Tel Aviv is known as one of the best examples of German Bauhaus architecture. An exhibition in Germany sheds new light on other influences on Zionist settlers in Israel as they constructed their kibbutz buildings.
For the Jewish settlers who emigrated from Europe to Palestine in the 1920s and 30s, the kibbutz presented a new way of living, a community and a safe haven. It represented a utopia - free from persecution, pogroms, deportations and patriarchal structures.
This new form of communal living - a radical and voluntary application of socialist principles - also necessitated new forms of housing. Their buildings were strongly influenced the ideas of Germany’s Bauhaus movement, which also championed an anti-bourgeois spirit.
The legendary Bauhaus school, which was founded in Weimar in 1919 and later moved to Dessau, aimed to abolish the distinction between artist and craftsman. This open-minded ideology irritated the Nazi regime and in 1933 the group succumbed to pressure and disbanded. But the Bauhaus movement was already considered the embodiment of modernity, especially in architecture.
New materials such as reinforced concrete and architectural features like flat roofs and sober white facades were typically associated with Bauhaus. All this can be found in Tel Aviv, which is known even outside of Israel as "the Bauhaus city."
However, Philipp Oswalt, director of the Bauhaus Foundation in Dessau which is currently hosting the exhibition "Kibbutz and Bauhaus," told Deutsche Welle that this description is not entirely true. He explained Tel Aviv was much more influenced by Edward Le Corbusier, a Swiss architect and designer who helped shape much of the architecture of the first half of the 20th century. Still, Bauhaus is very much part of Israel, but in ways other than what one might expect.
According to Hannes Meyer, the Bauhaus director from 1928 to 1930, the purest expression of Bauhaus architecture can be found in the kibbutzim - not so much in the architectural style, but in how the community buildings were realized.
The architect Arieh Sharon, who left Palestine to study for some years at the Bauhaus school, returned to make his mark on the kibbutz. It wasn't his architectural style which was influential, but his implementation of the socialist building principles, according to Meyer.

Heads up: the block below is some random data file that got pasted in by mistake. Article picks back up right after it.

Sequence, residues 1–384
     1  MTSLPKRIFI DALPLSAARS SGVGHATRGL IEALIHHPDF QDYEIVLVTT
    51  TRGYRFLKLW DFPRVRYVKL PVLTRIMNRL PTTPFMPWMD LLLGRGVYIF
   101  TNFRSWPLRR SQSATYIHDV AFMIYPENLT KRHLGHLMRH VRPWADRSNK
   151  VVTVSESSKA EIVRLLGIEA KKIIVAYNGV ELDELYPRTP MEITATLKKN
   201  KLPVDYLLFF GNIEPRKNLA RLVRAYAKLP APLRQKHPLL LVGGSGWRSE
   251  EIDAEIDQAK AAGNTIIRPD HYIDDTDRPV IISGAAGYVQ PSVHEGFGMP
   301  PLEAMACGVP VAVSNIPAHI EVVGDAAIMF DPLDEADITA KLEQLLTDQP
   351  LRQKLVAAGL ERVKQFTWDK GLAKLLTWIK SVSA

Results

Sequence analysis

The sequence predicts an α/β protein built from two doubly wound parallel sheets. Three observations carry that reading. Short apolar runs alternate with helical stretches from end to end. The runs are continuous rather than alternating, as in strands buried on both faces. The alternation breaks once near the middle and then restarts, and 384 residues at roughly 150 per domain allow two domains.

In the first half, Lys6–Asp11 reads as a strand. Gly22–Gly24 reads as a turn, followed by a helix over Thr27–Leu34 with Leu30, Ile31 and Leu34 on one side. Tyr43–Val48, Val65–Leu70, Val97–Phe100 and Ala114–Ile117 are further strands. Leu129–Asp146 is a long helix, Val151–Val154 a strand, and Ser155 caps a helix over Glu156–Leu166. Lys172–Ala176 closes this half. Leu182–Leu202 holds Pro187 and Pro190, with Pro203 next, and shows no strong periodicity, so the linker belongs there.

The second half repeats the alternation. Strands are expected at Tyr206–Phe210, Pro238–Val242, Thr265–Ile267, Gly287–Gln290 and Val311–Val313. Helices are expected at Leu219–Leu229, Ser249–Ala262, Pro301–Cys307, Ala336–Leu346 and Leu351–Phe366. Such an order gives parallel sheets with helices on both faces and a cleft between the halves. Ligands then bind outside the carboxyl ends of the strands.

Included in the exhibition are photos depicting the angular, cube-shaped concrete buildings with large windows with a functional, open space inside that can be converted easily into a theater or performance venue. But Sharon was only one from 18 former Bauhaus members who contributed to the design of the kibbutzim.
Nothing was spontaneous and everything was planned carefully, even though many of the fundamental democratic decisions must have been difficult to reach. Many of the architectural decisions were never agreed on until all the kibbutz members were satisfied.
The kibbutz roof was often an area of contention between architects and collective owners of the kibbutz.
In his film "Traces," director Amos Gitai recalls how his father, the Bauhaus architect Munio Weinraub, often had to use his great powers of persuasion to convince the kibbutz residents to accept a modern flat roof and not a pointed one reminiscent of their cold European homelands.
Weinraub escaped the Nazis via Switzerland in 1936 and came to Israel. There, he built theaters and museums, which gave the kibbutzim a more urban feel.
A thing of the past?
Even in the 30s, the heyday of the kibbutzim, only 10 percent of the Jewish immigrants lived in this type of home. Today there is little interest in the kibbutzim, even though they have long given up their ideals of a collective utopia.
Most opt for more privacy in their living spaces. The special children's houses are gone and the kids once again sleep at their parents' home.
The photos of decaying dining halls are sad images. The few collective communities that still exist today rely mainly on tourists. And yet, the current crisis facing Israel has awakened a new interest in the various forms of community life. This exhibition gives a vivid account of just how enthusiastic the world once was about the Bauhaus movement.